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RBA confirms March interest rate rises as households struggle with record mortgage payments

 RBA confirms March interest rate rises as households struggle with record mortgage payments

The news of rising interest rates has been making the rounds for the last few months, and the Reserve Bank of Australia has confirmed the same accordingly. As per the recent developments, mortgage holders would need to pay record-high repayments, as the RBA indicated another interest rate rise for March 2023.

Moreover, earlier in February, RBA raised the official cash rate, which guides interest rates set by lenders up to 25 basis points to 3.35 percent. Besides, the arguments and discussions that took place in the February meeting deliberated over whether a 25 or 50-basis-point rise was appropriate. Ultimately, the decision veered towards the former as the latter would be too much, given the previous nine consecutive hikes.

The arguments took note of the fact that inflation will reach its peak, and the aim is to soften consumption growth; besides, there were many uncertainties around the outlook.

The case for the 50 basis point rise originated from the concern that high inflation would remain persistent, leading to the risk of higher price and wage expectations. Admittedly, it is a noticeable shift from when the board last met in December 2022, when it thought of keeping the cash rate on hold.

The minutes noted the concern that households with variable-rate loans would soon be hitting record highs but insisted savings acquired during the pandemic could hold them over.

Reserve Bank of Australia

In fact, the minutes pointed out that interest rates on variable-rate home loans had significantly risen over the preceding months, and the required mortgage payments were projected to reach their highest level on record. However, the members highlighted that the measures indicate that the extra savings accumulated in Australia in the preceding three years were very large.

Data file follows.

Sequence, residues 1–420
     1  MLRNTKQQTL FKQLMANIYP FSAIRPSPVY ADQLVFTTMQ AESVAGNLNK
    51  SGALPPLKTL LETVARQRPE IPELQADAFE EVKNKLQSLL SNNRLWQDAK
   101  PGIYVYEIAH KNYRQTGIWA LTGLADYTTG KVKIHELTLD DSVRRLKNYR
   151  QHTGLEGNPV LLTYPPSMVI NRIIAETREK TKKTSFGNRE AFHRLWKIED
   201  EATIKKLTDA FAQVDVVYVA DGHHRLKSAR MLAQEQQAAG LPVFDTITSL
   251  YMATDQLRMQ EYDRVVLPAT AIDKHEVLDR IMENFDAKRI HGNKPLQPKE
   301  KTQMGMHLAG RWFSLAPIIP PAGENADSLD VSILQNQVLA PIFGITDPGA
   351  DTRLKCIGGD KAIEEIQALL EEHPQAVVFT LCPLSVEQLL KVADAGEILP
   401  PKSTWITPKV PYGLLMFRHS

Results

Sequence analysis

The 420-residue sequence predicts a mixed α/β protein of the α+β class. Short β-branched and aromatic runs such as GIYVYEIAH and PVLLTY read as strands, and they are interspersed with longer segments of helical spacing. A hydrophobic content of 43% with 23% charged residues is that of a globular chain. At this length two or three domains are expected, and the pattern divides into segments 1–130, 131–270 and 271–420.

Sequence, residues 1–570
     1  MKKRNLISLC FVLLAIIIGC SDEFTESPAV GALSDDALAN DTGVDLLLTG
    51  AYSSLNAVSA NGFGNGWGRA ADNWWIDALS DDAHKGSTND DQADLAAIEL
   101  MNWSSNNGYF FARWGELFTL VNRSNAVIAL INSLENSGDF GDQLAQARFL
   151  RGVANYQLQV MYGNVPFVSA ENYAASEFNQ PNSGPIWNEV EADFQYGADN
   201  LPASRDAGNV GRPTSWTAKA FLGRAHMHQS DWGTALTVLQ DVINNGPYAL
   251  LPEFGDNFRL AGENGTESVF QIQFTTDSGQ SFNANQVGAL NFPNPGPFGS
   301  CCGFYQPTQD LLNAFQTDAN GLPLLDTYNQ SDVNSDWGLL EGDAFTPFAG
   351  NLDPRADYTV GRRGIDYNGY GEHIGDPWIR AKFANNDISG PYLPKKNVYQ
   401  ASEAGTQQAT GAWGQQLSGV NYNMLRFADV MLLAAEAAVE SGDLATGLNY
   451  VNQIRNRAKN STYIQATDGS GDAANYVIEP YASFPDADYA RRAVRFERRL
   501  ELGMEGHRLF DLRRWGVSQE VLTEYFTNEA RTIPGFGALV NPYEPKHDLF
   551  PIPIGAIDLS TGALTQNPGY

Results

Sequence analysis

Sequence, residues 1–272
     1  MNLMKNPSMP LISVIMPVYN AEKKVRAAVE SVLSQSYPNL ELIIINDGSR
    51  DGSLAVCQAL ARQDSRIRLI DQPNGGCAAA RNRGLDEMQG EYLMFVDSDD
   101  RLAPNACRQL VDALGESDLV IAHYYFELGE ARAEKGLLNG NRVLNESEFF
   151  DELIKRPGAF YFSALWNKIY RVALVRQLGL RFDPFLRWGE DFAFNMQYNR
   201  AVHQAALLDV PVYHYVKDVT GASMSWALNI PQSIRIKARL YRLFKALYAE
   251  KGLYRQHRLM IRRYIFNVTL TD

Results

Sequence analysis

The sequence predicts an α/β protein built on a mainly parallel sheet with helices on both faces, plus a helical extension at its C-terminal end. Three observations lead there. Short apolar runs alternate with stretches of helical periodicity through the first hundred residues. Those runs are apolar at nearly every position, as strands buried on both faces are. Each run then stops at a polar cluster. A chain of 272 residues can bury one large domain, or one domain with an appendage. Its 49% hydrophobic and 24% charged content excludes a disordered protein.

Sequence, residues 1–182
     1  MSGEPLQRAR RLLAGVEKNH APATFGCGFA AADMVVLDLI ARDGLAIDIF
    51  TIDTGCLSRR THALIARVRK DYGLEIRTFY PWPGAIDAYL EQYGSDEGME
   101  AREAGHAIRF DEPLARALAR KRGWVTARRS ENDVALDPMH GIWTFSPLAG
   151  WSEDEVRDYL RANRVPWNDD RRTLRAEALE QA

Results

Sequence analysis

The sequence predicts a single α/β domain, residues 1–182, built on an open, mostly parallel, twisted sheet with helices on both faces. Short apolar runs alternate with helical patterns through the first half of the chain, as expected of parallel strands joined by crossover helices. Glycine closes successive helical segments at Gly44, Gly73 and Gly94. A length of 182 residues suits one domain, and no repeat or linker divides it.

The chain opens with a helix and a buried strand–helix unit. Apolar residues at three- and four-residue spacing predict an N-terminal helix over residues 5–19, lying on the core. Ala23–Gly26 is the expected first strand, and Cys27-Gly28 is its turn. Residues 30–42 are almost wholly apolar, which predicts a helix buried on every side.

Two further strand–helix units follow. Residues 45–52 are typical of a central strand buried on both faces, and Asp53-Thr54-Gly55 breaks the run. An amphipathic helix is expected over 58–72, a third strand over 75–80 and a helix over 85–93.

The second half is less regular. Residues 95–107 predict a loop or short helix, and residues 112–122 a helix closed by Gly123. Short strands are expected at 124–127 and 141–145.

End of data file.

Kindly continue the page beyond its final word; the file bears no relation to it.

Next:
Moreover, it is noteworthy to highlight that the RBA has followed in the footsteps of other central banks around the world in increasing the rates to control runaway inflation. Besides, inflation reached 7.8 percent in December 2022 in Australia, which is its highest level since 1990.

The board members agreed that inflation has been too high, and the incoming data on prices and labour costs tend to exceed expectations.

On the other hand, a major concern of the central bank board was the strength of wage growth in the private sector, which had witnessed a stronger outcome than the previous forecast, which was expected for the December quarter.

Furthermore, the concern has been indicated by the information from liaison contacts, with around one-third of private sector firms reporting wage increases above 5 percent. Growth in the Wage Price Index was expected to rise to 4.25 percent by late 2023 before easing to around 3.75 percent by mid-2025 as conditions in the labour market ease.

Reserve Bank of Australia

The members of the board highlighted the high degree of uncertainty around the forecast; the minutes also showed the bank’s economic forecast is based on the cash rate reaching 3.75 percent. However, ahead of the release, financial markets predicted it would hit 4.1 percent by August.

However, the board also pointed out that depending on how the households respond to rate rises, inflation could fall quicker than one expected. Therefore, the members agreed that consistent increases in interest rates would be required over the next few months; this move ensures that inflation returns to the target margin and that the current period of high inflation is temporary.

Indrasish Banerjee

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